Epinephrine and local anesthesia revisited

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Abstract

The issue concerning how much and under what circumstances epinephrine vasoconstriction within den-tal local anesthesia is appropriate has been strenuously debated over the last 50 years. Because relevant human and animal studies are difficult to perform, there are, at present, insufficient data to answer many of our ques-tions. Many of the previous conclusions regarding safety and efficacy were based upon incomplete understand-ing, bias, and limited scientific and clinical data. 1 Well designed controlled, randomized, and blinded studies are the gold standard with regard to determining pharma-cotherapeutic efficacy and safety. With regard to epinephrine vasoconstriction, many opinions concerning this issue neglect our current understanding of physiology and pharmacology as well as the results of scientific clinical studies. Previous misunderstanding has been woven into much of our current clinical practice and as such reappraisal is warranted, because medical comprehension of the dynamics of physiology and pharmacology have re-cently undergone dramatic changes. 2 Issues regarding these medications remain and include: 1) the advantages of combining vasoconstriction with local anesthesia, 2) the physiologic workings of the adrenergic nervous system, 3) toxicity issues of vasoconstrictors, 4) insig-nificant changes in mean arterial (MAP) blood pressure with relatively small amounts of epinephrine, 5) recep-tor dynamics, 6) drug-drug interactions, and 7) vaso-constrictor issues with regard to the dental treatment of patients with severe cardiac disease. THE RATIONALE FOR COMBINATION OF VASOCONSTRICTOR WITH LOCAL ANESTHETICS The presence of epinephrine and other vasoconstric-tors in local anesthetic solutions is beneficial with regard to duration, depth of anesthesia, blood loss, and the reduction of systemic local anesthesia toxicity. Local anesthetic clinical efficacy is dependent upon the action of the vasoconstrictor. 3 Dental treatment with insuffi-cient vasoconstriction within the local anesthetic for-mulation may lead to less than adequate pain control and thus increased levels of endogenous catechol-amines and particularly norepinephrine (NE). 4 Pain control was significantly impaired in those patients receiving the local anesthetic without the vasoconstric-tor as compared to those patients receiving the local anesthetic with vasoconstrictor. 3,5 Ineffective pain con-trol increases patient health outcomes risk. 6,7 NE (either parental or endogenous) increases blood pressure and has other cardiotoxic effects. 8,9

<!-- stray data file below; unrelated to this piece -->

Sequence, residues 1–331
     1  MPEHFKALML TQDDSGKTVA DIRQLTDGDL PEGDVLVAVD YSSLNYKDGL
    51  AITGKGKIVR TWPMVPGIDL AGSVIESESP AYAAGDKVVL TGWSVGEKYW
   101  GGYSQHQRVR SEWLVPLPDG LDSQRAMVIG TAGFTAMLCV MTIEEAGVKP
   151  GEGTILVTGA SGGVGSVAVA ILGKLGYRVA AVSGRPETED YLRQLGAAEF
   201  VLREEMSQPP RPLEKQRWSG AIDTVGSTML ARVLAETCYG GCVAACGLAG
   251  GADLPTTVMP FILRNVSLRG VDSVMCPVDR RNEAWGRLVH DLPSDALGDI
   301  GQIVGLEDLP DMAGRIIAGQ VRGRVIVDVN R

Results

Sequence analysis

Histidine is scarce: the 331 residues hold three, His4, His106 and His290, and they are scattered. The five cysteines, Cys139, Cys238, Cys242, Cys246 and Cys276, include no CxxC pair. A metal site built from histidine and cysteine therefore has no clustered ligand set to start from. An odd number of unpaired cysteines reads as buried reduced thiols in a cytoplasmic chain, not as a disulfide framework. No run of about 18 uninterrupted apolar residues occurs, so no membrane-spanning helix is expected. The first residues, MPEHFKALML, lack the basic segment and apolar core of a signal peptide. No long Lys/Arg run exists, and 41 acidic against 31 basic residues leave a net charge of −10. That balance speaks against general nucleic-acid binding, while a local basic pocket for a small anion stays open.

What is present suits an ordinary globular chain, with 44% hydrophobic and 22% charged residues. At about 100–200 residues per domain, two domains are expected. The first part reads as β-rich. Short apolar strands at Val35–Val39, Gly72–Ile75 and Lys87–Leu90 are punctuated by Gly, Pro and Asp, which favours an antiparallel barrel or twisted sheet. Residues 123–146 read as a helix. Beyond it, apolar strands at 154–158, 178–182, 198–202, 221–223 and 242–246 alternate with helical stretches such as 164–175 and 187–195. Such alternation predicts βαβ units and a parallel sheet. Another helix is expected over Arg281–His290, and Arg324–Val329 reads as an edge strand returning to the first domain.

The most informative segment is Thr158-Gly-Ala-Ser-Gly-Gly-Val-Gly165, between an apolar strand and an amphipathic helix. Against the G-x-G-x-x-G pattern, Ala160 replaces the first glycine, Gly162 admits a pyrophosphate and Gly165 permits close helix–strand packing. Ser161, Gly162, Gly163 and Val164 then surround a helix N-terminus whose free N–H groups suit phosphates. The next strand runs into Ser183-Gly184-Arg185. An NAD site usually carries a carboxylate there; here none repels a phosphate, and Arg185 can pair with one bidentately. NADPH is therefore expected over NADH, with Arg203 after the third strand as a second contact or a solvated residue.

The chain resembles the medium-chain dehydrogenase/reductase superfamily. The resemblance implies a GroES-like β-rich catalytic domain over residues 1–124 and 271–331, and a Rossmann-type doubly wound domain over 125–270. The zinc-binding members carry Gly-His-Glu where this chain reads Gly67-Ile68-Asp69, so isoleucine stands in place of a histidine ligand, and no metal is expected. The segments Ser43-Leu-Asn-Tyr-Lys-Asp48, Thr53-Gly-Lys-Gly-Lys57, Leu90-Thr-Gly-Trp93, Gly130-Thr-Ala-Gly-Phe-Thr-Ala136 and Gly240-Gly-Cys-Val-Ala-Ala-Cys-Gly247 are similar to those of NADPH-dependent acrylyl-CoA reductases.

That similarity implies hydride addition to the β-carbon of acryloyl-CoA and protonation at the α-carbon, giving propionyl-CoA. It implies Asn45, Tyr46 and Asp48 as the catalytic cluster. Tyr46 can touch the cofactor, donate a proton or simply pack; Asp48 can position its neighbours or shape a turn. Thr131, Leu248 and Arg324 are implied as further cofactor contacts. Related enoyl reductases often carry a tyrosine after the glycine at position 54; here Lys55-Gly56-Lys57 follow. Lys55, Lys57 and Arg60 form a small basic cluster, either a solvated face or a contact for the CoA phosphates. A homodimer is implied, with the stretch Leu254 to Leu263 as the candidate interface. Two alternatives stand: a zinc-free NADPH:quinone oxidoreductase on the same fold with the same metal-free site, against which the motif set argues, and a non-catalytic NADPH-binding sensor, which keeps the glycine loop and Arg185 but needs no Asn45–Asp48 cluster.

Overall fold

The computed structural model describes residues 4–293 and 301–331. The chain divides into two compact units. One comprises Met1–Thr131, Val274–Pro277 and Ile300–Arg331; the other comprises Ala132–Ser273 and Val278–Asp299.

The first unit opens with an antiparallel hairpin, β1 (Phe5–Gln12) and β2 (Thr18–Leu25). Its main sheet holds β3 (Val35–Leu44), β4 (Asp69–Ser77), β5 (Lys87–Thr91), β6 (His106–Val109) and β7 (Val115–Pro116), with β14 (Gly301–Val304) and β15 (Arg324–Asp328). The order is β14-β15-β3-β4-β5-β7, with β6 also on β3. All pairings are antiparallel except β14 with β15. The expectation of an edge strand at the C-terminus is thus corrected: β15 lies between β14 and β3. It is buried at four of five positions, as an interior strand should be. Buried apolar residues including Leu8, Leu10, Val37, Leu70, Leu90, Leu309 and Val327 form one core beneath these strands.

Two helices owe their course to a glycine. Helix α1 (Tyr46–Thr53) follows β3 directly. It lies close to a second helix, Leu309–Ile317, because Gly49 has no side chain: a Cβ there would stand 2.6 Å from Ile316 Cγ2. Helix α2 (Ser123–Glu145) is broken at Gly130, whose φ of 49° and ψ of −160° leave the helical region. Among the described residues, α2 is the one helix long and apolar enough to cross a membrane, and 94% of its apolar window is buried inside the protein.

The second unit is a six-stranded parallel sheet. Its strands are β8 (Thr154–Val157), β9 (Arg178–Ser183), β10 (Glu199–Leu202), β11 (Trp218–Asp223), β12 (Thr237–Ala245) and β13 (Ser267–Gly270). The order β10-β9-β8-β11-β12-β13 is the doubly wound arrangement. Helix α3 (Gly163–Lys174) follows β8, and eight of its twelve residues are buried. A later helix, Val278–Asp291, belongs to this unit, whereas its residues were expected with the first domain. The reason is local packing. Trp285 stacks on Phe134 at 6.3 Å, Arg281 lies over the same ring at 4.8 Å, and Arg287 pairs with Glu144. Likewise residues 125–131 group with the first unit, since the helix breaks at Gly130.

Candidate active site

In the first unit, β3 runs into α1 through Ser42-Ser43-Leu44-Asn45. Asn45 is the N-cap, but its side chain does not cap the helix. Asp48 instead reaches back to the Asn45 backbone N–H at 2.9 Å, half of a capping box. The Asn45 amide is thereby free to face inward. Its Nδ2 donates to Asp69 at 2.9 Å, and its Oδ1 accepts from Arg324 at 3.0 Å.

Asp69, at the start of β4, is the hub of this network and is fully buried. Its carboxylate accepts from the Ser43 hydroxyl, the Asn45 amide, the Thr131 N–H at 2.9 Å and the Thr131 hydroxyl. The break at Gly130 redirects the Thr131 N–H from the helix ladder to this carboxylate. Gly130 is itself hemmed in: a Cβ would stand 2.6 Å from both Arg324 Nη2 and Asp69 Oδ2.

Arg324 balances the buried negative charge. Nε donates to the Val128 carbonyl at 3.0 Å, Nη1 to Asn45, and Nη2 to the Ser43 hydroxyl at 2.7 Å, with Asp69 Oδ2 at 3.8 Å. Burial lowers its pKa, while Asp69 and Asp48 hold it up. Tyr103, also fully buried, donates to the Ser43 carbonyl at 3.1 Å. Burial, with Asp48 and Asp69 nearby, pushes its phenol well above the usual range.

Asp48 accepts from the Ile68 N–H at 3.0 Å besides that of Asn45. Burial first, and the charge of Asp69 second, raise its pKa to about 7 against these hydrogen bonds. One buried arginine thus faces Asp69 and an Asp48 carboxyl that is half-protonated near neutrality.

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Brown, R. S., & Rhodus, N. L. (2005). Epinephrine and local anesthesia revisited. Oral Surgery, Oral Medicine, Oral Pathology, Oral Radiology and Endodontology, 100(4), 401–408. https://doi.org/10.1016/j.tripleo.2005.05.074

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